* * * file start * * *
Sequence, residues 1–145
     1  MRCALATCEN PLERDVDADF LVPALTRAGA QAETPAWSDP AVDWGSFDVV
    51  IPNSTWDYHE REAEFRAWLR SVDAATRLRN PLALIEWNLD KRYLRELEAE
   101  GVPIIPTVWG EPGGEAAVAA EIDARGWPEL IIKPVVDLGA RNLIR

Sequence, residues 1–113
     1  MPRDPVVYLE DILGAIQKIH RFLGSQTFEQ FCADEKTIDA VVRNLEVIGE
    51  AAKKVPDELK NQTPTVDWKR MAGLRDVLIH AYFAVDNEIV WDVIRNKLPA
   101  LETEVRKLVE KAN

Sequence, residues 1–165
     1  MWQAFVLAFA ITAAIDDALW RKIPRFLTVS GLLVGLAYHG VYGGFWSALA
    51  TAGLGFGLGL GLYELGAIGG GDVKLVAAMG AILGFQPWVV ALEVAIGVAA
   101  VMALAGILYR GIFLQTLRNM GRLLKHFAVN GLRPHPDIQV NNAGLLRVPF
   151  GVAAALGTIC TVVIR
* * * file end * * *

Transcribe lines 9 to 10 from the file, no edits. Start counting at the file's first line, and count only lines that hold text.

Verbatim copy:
Sequence, residues 1–165
     1  MWQAFVLAFA ITAAIDDALW RKIPRFLTVS GLLVGLAYHG VYGGFWSALA